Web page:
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Active member
May 30, 2007
Hello all,
I've been away for some time. Reading, but not posting.
My mom went to the ALS clinic yesterday for her 3 mo. checkup.
Since her diagnosed in early June, she has lost 30lbs! I don't believe there has been any suggestion on the part of her docs for a PEG tube, but I may be wrong. Initially, she didn't even want a PEG, changed her mind, but may have changed it back.
My question is regarding her ability to breath and placement of the PEG. I remember reading somewhere that after a certain number was reached regarding breathing, that docs considered it too dangerous to place a tube. The only number I have from mom is her ability to exhale is at 20. This is considered very, very low. Three months ago it was 29. They're placing her on a BiPap.
And so, my question is----is that number of 20 an indicator of her not being able to even get a feeding tube? Just wondering. It may be that she isn't let us know the docs thoughts on the tube because she doesn't want one and we all threw such a fit the last time she said she didn't want one. It just seems that a 30lb loss in 5 months is huge!
Thank you,
ccox, hi! I know.......we haven't heard from you in a while. Sorry to hear about your mom's weight loss. My son lost quite a bit of weight too, at the end. It was heartbreaking to watch im lose all those pounds. My son weighed 165 or 170 when healthy, and at the last stage of als he went down to 87 or 89 lbs. That was very painful for me to watch. He had no strength left whatsoever, and his volume was way down. Yeah cox, it hurts! All I can say is may your sweet mom experience a peaceful departure when the time arrives. I have heard that if you wait too long for a peg, the docs will not insert one. Now that's what I was told. My son got his right away. Good luck cox, and God bless!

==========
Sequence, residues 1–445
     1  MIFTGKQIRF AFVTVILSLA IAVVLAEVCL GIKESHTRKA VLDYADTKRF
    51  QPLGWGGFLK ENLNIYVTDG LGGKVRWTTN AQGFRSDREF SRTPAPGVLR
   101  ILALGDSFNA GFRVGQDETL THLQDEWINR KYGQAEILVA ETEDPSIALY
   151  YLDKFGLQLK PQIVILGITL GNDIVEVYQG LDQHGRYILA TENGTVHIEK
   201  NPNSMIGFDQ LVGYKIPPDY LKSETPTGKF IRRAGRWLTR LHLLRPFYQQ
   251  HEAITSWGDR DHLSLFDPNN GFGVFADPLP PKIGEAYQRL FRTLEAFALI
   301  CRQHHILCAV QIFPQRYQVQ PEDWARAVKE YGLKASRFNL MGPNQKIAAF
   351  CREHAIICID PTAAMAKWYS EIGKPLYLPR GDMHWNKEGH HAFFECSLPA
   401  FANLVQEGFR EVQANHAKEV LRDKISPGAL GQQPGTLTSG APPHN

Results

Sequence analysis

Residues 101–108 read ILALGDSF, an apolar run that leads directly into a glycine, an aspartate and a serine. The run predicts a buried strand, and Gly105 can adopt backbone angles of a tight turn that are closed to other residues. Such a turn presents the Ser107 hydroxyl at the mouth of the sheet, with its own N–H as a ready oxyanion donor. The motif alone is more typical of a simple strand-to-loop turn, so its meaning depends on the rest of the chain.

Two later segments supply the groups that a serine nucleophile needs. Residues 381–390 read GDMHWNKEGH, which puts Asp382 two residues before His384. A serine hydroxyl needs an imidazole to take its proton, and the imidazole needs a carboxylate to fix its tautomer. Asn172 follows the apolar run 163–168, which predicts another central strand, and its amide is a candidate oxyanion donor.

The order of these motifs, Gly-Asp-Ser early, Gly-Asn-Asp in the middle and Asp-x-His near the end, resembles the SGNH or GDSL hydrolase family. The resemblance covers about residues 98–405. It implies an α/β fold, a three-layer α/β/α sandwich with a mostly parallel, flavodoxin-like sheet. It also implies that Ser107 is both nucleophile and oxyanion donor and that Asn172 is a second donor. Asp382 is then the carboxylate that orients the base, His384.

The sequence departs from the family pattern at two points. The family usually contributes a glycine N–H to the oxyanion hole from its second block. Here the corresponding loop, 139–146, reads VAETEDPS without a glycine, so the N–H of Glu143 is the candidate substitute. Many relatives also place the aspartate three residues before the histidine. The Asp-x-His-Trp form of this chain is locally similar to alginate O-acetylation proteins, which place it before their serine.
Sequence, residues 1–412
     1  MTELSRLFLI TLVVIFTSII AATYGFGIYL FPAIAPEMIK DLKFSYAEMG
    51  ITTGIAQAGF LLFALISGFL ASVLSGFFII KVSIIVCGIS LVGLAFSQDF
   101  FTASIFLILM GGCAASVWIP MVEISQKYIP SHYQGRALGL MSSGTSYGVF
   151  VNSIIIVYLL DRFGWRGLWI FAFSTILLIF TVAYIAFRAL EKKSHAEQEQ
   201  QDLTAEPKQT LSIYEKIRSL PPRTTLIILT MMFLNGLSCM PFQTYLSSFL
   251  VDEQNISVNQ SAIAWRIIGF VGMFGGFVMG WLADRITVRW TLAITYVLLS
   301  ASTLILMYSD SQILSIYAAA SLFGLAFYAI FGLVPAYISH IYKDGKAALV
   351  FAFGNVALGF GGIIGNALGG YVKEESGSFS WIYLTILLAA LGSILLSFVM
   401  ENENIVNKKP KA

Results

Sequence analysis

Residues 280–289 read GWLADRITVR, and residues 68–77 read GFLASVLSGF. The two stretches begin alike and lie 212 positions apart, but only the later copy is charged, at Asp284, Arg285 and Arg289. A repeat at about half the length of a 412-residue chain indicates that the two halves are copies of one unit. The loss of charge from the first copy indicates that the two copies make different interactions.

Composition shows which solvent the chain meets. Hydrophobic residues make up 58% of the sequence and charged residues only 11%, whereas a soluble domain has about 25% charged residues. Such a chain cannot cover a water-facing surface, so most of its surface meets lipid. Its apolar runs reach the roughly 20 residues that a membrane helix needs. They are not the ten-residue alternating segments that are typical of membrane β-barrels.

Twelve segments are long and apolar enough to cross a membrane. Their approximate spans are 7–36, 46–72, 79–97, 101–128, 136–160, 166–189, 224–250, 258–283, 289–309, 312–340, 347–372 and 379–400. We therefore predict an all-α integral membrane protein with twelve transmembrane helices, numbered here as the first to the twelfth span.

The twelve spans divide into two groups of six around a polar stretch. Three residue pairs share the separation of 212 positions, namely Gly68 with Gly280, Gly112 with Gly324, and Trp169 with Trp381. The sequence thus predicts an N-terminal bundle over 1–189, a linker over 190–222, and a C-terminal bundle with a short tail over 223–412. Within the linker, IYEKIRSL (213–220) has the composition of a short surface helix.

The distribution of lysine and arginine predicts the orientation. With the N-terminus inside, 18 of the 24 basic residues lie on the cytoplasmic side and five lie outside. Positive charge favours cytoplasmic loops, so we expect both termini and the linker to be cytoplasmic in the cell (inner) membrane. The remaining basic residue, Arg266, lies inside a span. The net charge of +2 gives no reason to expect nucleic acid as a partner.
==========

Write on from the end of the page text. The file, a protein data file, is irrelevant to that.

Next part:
Hi Ccox- sorry your Mom is in a decline. 30 pounds does sound excessive. I am hoping your ALS clinic gives her good advice. Cindy
Irma...When my mom was first diagnosed June 2006 the doctors were stressing the importance of getting a feeding tube. They never told us that there might be a time that she would not be able to because of breathing issues. My mother held out as long as she could but when eating started to become a real problem and choking was a big fear she gave in.

I am surprised that your son had lost so much weight even with the feeding tube. My mom had bulbar and had her feeding tube in place in Jan 2007 at that time she had already lost about 5 to 8 pounds. Once her feedings got all sorted out she managed to gain the weight and just the day before she passed away they weighed her at the hospital and she weighed 130 pounds. That was the weight that she was always at in her adult life. We were thankfull that with the feeding tube she was able to maintain her weight.

Take care. Anne